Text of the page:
In my .profile I have PATH="$HOME/.local/lib:$HOME/.local/bin:$HOME/.node_modules/bin:$HOME/.cargo/bin:$HOME/local/bin:/usr/bin:$PATH" In my .zshrc I have miniconda path stuff (export PATH="/home/user/miniconda3/bin:$PATH") but I removed that and it seems its the last that gets loaded and so I don't think thats the issue. However, in my shell, I get the following


Maybe some arch packages set these paths? But what's setting sbin in my path? I'm not root.

Also my PATH command from .profile is not being picked up, I've tried it with and without export. I'm pretty sure it used to work. (EDIT: seems zsh only sources .zprofile)

  • 2
    a lib directory almost certainly should not be part of your $PATH. Also, you really shouldn't have to add /usr/bin: On arch, /bin, /sbin, /usr/sbin are all symbolic links to /usr/bin So, that's already in that list – a couple of times now. May 13 at 16:34
  • Yeah that's true, I added them because when installing some packages in arch some binaries in those directories were not being found. I've commented out PATH in .profile but my shell $PATH is still the same value. How can I find out what's modifying PATH?
    – squirrels
    May 14 at 0:35
  • 1
    I've been known for applying grep, ag or ripgrep against the whole of /etc, but especially /etc/profile.d May 14 at 7:34

1 Answer 1


The strange thing is the lib directory. Having sbin is normal since, for the past few years, more and more Linux distributions have been making sbin dirs symlnks to their corresponding bin dirs. For example, on my Arch:

$ ls -ld /sbin /usr/sbin
lrwxrwxrwx 1 root root 7 Jan 31 20:51 /sbin -> usr/bin
lrwxrwxrwx 1 root root 3 Jan 31 20:51 /usr/sbin -> bin

And this is explained in the Arch documentation:

Arch Linux follows the file system hierarchy for operating systems using the systemd service manager. See file-hierarchy(7) for an explanation of each directory along with their designations. In particular, /bin, /sbin, and /usr/sbin are symbolic links to /usr/bin, and /lib and /lib64 are symbolic links to /usr/lib.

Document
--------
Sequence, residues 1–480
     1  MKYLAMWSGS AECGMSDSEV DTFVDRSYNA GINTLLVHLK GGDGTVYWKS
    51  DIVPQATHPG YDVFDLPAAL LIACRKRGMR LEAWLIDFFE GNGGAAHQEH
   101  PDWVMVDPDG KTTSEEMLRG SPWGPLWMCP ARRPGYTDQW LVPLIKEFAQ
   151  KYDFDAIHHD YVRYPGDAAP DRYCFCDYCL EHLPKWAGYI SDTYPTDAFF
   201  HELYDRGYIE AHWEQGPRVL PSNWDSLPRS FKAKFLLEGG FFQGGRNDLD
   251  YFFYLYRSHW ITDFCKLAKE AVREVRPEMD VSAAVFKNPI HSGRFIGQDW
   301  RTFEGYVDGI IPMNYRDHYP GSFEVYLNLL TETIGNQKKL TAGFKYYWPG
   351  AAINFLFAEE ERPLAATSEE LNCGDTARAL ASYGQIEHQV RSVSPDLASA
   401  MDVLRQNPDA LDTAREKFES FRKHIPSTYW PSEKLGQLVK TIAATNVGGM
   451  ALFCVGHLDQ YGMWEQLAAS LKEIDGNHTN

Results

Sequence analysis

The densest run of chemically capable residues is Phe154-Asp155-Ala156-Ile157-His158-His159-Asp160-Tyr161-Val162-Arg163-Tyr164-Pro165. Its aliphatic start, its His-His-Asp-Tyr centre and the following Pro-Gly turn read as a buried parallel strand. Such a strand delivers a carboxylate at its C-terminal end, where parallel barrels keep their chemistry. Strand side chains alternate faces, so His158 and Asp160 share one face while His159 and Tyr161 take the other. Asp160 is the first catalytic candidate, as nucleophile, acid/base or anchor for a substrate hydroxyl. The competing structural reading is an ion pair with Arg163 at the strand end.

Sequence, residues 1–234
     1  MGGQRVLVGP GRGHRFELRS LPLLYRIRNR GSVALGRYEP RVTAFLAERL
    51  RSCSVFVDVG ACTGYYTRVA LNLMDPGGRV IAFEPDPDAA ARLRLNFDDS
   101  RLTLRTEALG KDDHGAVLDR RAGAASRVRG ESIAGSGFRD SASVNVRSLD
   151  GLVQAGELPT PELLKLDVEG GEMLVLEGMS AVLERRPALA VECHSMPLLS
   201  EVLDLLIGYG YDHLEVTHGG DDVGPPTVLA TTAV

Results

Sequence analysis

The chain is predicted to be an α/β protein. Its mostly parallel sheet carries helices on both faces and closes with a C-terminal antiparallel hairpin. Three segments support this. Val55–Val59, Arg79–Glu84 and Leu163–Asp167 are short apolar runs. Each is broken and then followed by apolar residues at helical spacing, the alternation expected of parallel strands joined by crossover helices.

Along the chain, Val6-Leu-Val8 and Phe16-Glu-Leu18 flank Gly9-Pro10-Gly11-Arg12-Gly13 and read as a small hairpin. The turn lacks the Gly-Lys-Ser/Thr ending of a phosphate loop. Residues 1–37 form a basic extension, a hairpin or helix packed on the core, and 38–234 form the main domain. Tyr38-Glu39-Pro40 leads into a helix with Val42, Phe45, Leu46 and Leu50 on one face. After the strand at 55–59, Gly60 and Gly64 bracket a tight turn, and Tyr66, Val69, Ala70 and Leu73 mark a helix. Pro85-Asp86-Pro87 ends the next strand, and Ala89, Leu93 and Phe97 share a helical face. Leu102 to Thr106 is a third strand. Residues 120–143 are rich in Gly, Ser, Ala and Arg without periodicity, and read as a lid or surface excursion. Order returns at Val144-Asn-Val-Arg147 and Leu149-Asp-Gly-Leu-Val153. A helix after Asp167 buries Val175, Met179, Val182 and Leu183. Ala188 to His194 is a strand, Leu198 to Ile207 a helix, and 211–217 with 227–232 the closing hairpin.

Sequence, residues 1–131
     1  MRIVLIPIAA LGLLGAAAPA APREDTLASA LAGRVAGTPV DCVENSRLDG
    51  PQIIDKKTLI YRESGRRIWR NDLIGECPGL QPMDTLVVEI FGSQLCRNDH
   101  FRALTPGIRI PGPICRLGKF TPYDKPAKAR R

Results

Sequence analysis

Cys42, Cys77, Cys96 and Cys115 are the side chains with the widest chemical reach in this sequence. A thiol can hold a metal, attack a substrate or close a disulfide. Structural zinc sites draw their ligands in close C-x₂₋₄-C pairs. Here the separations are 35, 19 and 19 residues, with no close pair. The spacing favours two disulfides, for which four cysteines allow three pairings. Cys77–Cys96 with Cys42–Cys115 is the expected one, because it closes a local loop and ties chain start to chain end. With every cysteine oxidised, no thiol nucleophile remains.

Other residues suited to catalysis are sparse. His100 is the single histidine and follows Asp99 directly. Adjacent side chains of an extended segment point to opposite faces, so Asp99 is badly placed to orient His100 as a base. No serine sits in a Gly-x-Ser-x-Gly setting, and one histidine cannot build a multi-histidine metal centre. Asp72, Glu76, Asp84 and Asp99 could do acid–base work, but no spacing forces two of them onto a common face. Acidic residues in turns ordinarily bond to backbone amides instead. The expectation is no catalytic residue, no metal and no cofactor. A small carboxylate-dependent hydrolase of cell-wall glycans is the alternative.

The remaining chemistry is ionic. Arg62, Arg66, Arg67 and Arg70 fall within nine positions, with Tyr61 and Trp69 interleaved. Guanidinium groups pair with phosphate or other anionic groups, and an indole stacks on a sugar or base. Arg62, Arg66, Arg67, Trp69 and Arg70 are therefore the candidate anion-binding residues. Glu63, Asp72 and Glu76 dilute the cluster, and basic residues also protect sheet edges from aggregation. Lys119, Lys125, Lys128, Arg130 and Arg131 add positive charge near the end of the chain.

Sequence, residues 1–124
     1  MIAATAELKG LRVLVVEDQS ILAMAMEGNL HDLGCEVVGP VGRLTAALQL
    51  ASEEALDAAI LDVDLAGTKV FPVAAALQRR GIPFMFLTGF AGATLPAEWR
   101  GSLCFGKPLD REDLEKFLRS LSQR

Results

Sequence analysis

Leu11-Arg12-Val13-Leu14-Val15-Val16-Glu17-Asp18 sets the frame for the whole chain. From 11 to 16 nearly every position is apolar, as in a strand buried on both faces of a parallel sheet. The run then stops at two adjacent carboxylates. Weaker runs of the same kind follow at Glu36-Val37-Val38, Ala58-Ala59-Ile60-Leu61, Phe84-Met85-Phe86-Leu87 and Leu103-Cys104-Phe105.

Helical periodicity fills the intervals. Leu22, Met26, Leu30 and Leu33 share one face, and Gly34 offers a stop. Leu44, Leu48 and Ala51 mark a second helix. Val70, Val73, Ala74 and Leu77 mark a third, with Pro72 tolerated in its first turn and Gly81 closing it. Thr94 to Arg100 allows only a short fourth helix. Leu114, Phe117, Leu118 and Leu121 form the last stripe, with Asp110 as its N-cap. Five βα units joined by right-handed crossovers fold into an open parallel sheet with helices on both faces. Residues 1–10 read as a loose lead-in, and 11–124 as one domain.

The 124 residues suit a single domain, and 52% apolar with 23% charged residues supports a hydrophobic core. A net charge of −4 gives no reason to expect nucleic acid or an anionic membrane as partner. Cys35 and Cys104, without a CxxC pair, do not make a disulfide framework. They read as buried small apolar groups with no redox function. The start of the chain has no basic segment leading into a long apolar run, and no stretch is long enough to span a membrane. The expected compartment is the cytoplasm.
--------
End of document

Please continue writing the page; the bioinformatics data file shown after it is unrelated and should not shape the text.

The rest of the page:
This, the merging of the bin and sbin directories by making sbins symlinks to the corresponding bins is becoming more and more common. The folks at freedesktop.org make the case for it here, and I am reproducing some of their main arguments below:

Compatibility: The Gist of It

  • Improved compatibility with other Unixes/Linuxes in behavior: After the /usr merge all binaries become available in both /bin and /usr/bin, resp. both /sbin and /usr/sbin (simply because /bin becomes a symlink to /usr/bin, resp. /sbin to /usr/sbin). That means scripts/programs written for other Unixes or other Linuxes and ported to your distribution will no longer need fixing for the file system paths of the binaries called, which is otherwise a major source of frustration. /usr/bin and /bin (resp. /usr/sbin and /sbin) become entirely equivalent.
  • Improved compatibility with other Unixes (in particular Solaris) in appearance: The primary commercial Unix implementation is nowadays Oracle Solaris. Solaris has already completed the same /usr merge in Solaris 11. By making the same change in Linux we minimize the difference towards the primary Unix implementation, thus easing portability from Solaris.